- - Sunday, August 24, 2014

‘Garfunkel and Oates” (IFC, Thursdays at 10 p.m.) is one of those under-the-radar comedies that viewers likely will stumble upon and then make a regular part of their viewing schedule because it’s realistic yet charming.

Think of Garfunkel and Oates as a long phone call to your best friend in which you both grump about the unsettling aspects of your daily life in a “can you believe this happened?” kind of way that makes you feel as if you can, indeed, soar another day.

The first few episodes of the show, built around a comedy-folk duo trying to make it in Los Angeles’ soul-sucking music business, are just realistic enough to make anyone who has struggled for a career to think “I know what you mean!” — and sweet enough to make them realize that things often work out in the end.

The creators and stars of this show — Riki Lindhome, 35, and Kate Micucci, 34 — first introduced the guitar — and ukulele-playing Garfunkel and Oates in 2007. They recorded a video as their folk musician alter egos while waiting out the strike by the Writers Guild of America, and eventually developed a cult following.

Fans of the CBS sitcom “The Big Bang Theory” will recognize Ms. Lindhome as the graduate student infatuated with Sheldon Cooper in a 2008 episode and Ms. Micucci as the ultra-shy girlfriend of Rajesh “Raj” Koothrappali in a seven-episode run in 2013. Both parts are memorable due to the skill each actor used to keep their characters neuroses just short of full-fledged crazy.

Each actor has plenty of other credits, such as “New Girl” and “Hell Baby” for Ms. Lindhome and “Scrubs” and “Raising Hope” for Ms. Micucci. Their comedic chops plus the natural chemistry between the two pay off in their understated sitcom.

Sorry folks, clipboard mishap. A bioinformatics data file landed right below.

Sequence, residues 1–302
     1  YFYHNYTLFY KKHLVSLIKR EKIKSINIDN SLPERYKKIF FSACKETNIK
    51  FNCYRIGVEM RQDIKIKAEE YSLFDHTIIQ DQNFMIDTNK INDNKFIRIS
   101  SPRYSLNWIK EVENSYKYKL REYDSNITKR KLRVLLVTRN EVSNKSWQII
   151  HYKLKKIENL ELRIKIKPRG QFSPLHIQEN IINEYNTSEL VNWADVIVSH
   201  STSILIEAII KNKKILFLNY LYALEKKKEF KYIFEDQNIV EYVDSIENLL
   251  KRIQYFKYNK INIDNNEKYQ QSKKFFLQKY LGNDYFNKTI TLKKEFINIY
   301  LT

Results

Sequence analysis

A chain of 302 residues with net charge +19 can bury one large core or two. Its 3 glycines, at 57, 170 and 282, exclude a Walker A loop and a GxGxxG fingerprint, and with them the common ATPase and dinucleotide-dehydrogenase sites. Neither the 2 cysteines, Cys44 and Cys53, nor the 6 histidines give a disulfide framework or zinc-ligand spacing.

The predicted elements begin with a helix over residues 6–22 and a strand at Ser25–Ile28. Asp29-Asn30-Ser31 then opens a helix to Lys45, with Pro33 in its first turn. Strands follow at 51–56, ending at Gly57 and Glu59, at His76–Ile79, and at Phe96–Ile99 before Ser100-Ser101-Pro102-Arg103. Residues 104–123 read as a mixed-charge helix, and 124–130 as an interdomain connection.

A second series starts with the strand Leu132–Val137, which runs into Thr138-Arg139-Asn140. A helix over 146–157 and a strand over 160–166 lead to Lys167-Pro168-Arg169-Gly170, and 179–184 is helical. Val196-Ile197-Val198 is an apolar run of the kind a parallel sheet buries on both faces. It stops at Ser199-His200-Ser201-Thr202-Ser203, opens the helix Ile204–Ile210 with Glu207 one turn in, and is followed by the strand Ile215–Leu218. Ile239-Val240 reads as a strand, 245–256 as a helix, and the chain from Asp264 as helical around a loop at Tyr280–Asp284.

“Garfunkel and Oates” premiered Aug. 7 with an episode full of slightly off-color silliness that included Ms. Lindome making private information about her boyfriend public and then having the tables turned on her. That episode also featured Ms. Micucci auditioning for a promiscuous role opposite Sir Ben Kingsley.

The second episode found the duo facing their sex video doppelgangers “Garfinger and Butts,” who form their own folk duo and quickly outpace the success of the originals. Don’t miss real-life rocker John Oates in a low-key and funny role as the porn shop clerk who sells the real-life duo the porn video made by the wannabe pair.

Although the show sounds ultra racy, it’s really no more adult than “Portlandia” or many other shows that air on major networks. It’s not fun for the whole family, but it’s certainly appropriate for high school seniors or college age kids.

One caution: The two played such memorable characters on “The Big Bang Theory” that it might take a minute for viewers to reconcile their new roles. Neither is as ready to go over-the-top as they appeared on that comedy. Here they are both underdogs, but with a charming sweetness. The difference is in their attitudes about life. Ms. Lindhome has a razor sharp, feet-on-the-ground attitude, while her cohort is full of childlike optimism as they sing about pregnancy, social boundaries and same-sex unions.

It would be easy to dismiss the songs from this show as mere background for a sitcom. That would be a mistake. “Present Face,” about insincere people, and “Good as You,” about same-sex unions, are heartfelt and endearing, if just a touch too saccharine to likely make it onto many play lists. (But considering the popularity of Pharrell’s song “Happy,” that assessment could be way off base.)

Judge for yourself.

If you’re behind in viewing it, just go the IFC website where you have plenty of free videos and episodes that will bring you right up to speed.

But beware: “Garfunkel and Oates” is addictive.